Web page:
Q&A with Tyler Thomas, Winemaker for Donelan Family Wines

19 Nov

Donelan Family Wines is considered to be one of Northern California’s premier boutique wine producers and several of the wines produced under the supervision of Winemaker Tyler Thomas have received unbridled praise. Not long ago, in fact, Robert Parker gave Donelan several positive reviews with most vintages scoring a 93 or higher. Today we get to chat with Thomas, who calls himself a husband and father of three who happens to be also be a Winemaker. But he’s just being modest.

JK: Can you provide readers with a little background on who you are and what you’re doing?

TT: I am the winemaker for the Syrah focused producer Donelan Family Wines. As a small winery (less than 5000 cases) my role includes grower relations/vineyard management, winemaking duties, cellar management, and marketing participation. I am responsible for building the team that helps to ensure what we place into the glass is something of uncompromising quality – at least this is the mandate giving to me by our owner Joe Donelan.

JK: What was your first job?

TT: Mowing lawns (smiling). In the wine industry I worked for a small producer in their business office as I was earning a M.S. in Viticulture and Enology through the University of California, Davis. I did all kinds of things typically associated with office work and also had the opportunity to work as a cellar rat during harvest.

JK: You take sustainability very seriously. Can you talk about that?

TT: Personally, I feel that if we say we believe in quality, than we must be willing to think about quality in everything we do – not just in the wine we produce. In fact, I believe that by approaching each aspect of our business with “anything worth doing is worth doing well” then we will make better wine. Included in this is the idea that we should be quality stewards of the resources made available to us. Making wine is a privilege and we care about sustainability because we believe that not using more than is needed and choosing to use things that have less net impact on our surrounding environment is an element of quality life, and therefore quality wine.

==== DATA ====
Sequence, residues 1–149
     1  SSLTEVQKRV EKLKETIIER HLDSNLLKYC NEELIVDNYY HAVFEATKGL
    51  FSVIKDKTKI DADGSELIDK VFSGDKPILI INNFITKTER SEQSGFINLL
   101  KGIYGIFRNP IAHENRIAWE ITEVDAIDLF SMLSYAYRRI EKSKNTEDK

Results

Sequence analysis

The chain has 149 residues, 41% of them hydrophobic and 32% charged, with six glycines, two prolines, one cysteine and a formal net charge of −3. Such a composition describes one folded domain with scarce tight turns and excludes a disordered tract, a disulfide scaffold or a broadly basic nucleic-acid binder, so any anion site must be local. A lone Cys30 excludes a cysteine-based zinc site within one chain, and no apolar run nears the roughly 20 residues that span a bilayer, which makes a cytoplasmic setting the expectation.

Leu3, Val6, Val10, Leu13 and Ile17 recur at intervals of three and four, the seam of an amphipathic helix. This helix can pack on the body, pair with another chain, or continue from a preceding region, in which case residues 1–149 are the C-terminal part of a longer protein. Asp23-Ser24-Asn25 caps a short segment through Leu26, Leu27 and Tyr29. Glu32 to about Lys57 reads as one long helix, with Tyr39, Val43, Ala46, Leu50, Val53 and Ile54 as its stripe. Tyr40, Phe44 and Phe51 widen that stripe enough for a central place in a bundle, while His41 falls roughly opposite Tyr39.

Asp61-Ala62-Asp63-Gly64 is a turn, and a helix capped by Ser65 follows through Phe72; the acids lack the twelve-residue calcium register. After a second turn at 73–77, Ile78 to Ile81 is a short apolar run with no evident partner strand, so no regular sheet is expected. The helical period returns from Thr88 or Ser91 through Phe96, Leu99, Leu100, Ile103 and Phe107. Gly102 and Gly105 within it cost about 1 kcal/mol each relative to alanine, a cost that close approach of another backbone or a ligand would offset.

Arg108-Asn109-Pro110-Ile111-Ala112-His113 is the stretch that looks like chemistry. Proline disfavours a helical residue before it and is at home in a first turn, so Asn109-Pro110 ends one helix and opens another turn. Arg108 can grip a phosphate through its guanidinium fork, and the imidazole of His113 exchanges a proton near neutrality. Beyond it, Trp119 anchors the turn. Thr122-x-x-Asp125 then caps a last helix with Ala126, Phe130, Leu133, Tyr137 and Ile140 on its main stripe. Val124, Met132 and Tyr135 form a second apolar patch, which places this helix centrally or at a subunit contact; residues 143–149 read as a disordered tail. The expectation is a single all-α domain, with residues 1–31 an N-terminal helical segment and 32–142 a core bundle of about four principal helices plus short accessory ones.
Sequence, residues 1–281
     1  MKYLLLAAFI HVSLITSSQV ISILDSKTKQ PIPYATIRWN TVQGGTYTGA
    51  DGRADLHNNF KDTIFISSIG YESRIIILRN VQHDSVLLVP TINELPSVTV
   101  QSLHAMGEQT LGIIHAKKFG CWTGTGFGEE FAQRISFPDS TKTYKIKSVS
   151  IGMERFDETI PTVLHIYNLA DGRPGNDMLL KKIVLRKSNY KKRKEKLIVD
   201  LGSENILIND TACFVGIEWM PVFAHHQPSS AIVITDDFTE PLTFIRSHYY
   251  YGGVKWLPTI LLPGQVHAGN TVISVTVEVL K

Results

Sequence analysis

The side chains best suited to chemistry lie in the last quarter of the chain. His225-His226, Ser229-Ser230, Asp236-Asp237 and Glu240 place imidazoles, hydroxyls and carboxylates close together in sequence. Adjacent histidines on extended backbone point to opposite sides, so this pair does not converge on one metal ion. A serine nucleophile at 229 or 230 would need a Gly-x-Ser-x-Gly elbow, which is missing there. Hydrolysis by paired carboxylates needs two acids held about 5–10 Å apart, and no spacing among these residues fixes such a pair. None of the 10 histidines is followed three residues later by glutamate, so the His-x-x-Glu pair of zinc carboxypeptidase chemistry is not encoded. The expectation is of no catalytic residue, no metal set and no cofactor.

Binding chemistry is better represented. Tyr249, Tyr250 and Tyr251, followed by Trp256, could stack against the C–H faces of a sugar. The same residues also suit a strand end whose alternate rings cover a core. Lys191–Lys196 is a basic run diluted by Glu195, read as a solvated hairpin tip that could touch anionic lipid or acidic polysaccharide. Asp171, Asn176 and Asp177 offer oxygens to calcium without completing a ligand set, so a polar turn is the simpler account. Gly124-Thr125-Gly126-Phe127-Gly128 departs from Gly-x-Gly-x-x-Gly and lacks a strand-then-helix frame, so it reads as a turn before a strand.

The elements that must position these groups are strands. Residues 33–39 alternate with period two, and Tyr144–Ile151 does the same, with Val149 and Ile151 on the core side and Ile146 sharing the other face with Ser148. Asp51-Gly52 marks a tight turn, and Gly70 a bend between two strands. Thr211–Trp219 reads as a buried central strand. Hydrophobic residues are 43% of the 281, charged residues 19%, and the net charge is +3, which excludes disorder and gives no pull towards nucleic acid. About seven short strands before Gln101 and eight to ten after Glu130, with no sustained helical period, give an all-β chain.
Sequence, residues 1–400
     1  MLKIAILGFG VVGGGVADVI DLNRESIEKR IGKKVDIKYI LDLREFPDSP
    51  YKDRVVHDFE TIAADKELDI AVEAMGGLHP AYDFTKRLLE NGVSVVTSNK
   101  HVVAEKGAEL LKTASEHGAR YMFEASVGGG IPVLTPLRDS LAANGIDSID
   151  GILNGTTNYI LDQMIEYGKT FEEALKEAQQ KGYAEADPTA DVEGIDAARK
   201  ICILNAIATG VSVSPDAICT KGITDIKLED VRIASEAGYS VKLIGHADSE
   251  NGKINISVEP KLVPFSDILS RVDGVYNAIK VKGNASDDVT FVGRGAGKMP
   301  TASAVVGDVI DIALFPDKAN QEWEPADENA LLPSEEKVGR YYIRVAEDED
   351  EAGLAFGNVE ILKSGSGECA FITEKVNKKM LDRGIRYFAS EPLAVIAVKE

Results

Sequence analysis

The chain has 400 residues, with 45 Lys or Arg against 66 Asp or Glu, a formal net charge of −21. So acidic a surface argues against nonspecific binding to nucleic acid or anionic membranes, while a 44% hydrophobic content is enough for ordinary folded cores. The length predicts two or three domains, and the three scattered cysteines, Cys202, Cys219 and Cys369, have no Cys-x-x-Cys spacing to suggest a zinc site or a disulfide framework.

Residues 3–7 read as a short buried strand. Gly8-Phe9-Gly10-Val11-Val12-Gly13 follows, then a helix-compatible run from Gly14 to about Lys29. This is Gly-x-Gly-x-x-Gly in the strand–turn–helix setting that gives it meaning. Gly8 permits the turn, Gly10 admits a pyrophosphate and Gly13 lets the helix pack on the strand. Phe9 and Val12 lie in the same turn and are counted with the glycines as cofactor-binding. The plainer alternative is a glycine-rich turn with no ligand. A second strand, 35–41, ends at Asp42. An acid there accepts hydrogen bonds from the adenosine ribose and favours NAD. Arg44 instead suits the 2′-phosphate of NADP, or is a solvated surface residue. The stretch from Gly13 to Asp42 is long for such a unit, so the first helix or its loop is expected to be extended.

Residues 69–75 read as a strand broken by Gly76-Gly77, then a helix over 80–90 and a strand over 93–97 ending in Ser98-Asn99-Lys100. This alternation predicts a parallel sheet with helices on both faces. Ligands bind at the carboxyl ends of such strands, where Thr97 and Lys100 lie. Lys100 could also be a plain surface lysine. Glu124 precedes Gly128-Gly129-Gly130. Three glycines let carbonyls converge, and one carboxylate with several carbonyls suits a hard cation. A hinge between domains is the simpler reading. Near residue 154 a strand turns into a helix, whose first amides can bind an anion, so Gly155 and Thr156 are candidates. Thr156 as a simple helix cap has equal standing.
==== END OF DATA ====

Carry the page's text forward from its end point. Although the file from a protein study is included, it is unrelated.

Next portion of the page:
One of the things we are trying to do at Donelan is to have a comprehensive approach toward sustainability. That is, we are striving to cultivate a mindset of stewardship amongst our employees, particularly the cellar staff where opportunities for waste are high (running a hose longer than it needs to be, spraying floors instead of sweeping, estimating cleaning/sanitation product amount instead of taking the time to measure the appropriate amount). To do so I feel firstly that people need to be passionate about the quality of the product. With our employees committed to our goal of quality, including the quality of their own lives, they seem to become much more committed to the mindset of sustainable winery practices.

Once the mindset is in place I think the industry needs to be more willing to try different chemical products (whether vineyard applicants or cellar cleaning products, etc.) even if it means changing long standing protocols. Sometimes this may mean more man hours and less efficiency. We’ve been testing a new bio-based cleaning compound that is 100% biodegradable, contains no toxic vapors, uses 35-50% less water depending on the process, and is safe to handle without protective wear. We’ve needed to invest in ensuring that our wine quality has not been compromised by having frequent microbial testing done on equipment to ensure cleaning efficacy and thus far we’ve been pleased with the results. However, we quickly learned that we could not just insert this new product into the old protocols but we had to come up with new ways to clean and sanitize. This is the kind of approach the industry is going to need to take. And frankly, even though we are using less water, water is so cheap that we are not saving any money with the investment we have made. But I can’t tell you enough how nice it is to clean a fermenter and have no concern about the wash water contacting my skin or anyone else’s. We are looking into other bio-based products that can be used in the vineyard such as nutrient applications, hydraulic oil and motor oil for tractors, and bio-based lubricants.